Ethiopia prepares to host UN Internet Forum amid Tigray Blackout
ADDIS ABABA, ETHIOPIA — Ethiopia will host the United Nations’ annual Internet Governance Forum later this month, despite an ongoing communications blackout in its war-torn Tigray region. The state-imposed blackout in the Tigray region has left six million people without phone or internet access for nearly two years.
The Nov. 28 forum is expected to draw over 2,500 delegates to Addis Ababa, one of the largest international gatherings in the Ethiopian capital in years.
Those unable to attend in person will be able to log in virtually to hear sessions on topics such as “connecting all people” and “meaningful access” to the Internet.
However, people living in Tigray will not tune in. The northern region suffered one of the world’s most severe communications blackouts, when war broke out between the federal military and forces led by the Tigray People’s Liberation Front, or TPLF, in November 2020.
A peace deal reached earlier this month commits the federal government to restoring services, but the blackout remains in place.
As a result, the UN’s decision to hold the event in Ethiopia has raised eyebrows. On November 15, Senator Jim Risch, who chairs the US Senate Foreign Relations Committee, described the decision as “wrong” and said the forum should be held in a country that “does not regularly block its citizens’ internet access”.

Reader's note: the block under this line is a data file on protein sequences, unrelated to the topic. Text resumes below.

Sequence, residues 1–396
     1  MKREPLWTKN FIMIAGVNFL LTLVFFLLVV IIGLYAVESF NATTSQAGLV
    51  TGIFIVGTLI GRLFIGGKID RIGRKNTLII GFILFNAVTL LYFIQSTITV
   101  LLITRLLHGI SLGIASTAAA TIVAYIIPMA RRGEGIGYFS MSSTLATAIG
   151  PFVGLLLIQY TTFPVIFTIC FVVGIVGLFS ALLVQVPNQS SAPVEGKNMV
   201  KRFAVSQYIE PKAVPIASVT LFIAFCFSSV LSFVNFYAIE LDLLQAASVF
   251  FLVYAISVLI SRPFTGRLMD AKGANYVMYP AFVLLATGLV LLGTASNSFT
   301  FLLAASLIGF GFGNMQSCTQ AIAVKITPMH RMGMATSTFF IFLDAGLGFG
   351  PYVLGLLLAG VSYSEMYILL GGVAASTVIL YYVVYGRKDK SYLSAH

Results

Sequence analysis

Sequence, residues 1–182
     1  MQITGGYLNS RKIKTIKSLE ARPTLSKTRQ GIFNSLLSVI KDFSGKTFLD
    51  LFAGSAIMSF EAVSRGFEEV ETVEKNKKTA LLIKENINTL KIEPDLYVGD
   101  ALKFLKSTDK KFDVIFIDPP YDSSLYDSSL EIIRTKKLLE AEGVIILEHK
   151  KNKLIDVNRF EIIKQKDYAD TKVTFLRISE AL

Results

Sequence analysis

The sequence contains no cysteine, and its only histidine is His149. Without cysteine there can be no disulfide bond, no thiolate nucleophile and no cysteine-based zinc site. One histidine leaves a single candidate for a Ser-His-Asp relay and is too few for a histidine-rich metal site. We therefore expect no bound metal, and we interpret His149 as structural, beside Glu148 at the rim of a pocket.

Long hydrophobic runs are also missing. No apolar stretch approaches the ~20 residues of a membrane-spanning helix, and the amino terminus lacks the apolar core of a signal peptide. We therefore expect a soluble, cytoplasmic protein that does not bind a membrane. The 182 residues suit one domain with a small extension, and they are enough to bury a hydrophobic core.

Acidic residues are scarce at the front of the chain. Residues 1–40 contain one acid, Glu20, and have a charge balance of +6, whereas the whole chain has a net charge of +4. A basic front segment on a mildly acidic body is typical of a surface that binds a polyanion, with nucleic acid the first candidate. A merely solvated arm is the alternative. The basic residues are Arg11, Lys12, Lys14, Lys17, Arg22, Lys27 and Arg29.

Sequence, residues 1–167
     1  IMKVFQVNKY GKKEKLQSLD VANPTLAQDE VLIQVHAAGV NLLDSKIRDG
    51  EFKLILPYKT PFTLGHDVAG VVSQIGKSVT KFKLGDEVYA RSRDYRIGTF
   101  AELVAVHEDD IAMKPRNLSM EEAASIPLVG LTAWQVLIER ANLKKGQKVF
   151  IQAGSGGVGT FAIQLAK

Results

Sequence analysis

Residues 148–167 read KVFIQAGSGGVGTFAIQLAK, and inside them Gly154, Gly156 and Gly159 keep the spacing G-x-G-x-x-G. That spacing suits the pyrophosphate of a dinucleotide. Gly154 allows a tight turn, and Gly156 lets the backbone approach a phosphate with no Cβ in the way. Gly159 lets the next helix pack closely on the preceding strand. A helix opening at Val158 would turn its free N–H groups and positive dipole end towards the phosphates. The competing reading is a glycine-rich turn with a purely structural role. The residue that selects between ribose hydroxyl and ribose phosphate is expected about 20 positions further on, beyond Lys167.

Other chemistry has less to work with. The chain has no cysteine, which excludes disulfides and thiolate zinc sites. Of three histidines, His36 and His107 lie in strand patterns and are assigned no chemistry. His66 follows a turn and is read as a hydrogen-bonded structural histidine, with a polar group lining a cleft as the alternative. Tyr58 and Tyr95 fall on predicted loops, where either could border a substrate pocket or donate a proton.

This week, Technology Minister Huria Ali defended Ethiopia’s role as host. She said reforms implemented by her government since it replaced a coalition led by the TPLF in 2018 mean Ethiopia currently enjoys “freedom of expression unprecedented in its history.”
“To name a few, sites that were blocked by the previous government were always unblocked,” she said. “Political prisoners were released, and all exiled politicians were invited home, the 2020 election was, by any standard, the election where the opponents freely spread their agendas.”
Huria alluded to the blackout, adding that the government had been forced to undertake activities “to protect the country” during the conflict with Tigray, which has left hundreds of thousands dead and uprooted millions.
The blackout in Tigray is not the only shutdown in Ethiopia. Communications have also been shut down in parts of Oromia, Ethiopia’s largest region, where an armed group is fighting the government.
Addis Ababa was left without internet for weeks in 2020, following a wave of violence sparked by the killing of a popular Oromo musician.
Felicia Anthonio, head of internet rights group Access Now, said the internet forum is an “opportunity” to highlight the blackout affecting Tigray.
“The government of Ethiopia has been responsible for a two-year internet outage and must take urgent measures to restore full intent access in Tigray and all parts of the country,” she said. “The African Union and member states have a clear mandate to promote and protect human rights in Africa, and this is the opportunity for them to step up and help facilitate an end to this internet blockade.”
Redwan Hussein, the Ethiopian prime minister’s national security adviser, has said services are being restored to Tigray. But for now, the region is still cut off from the outside world.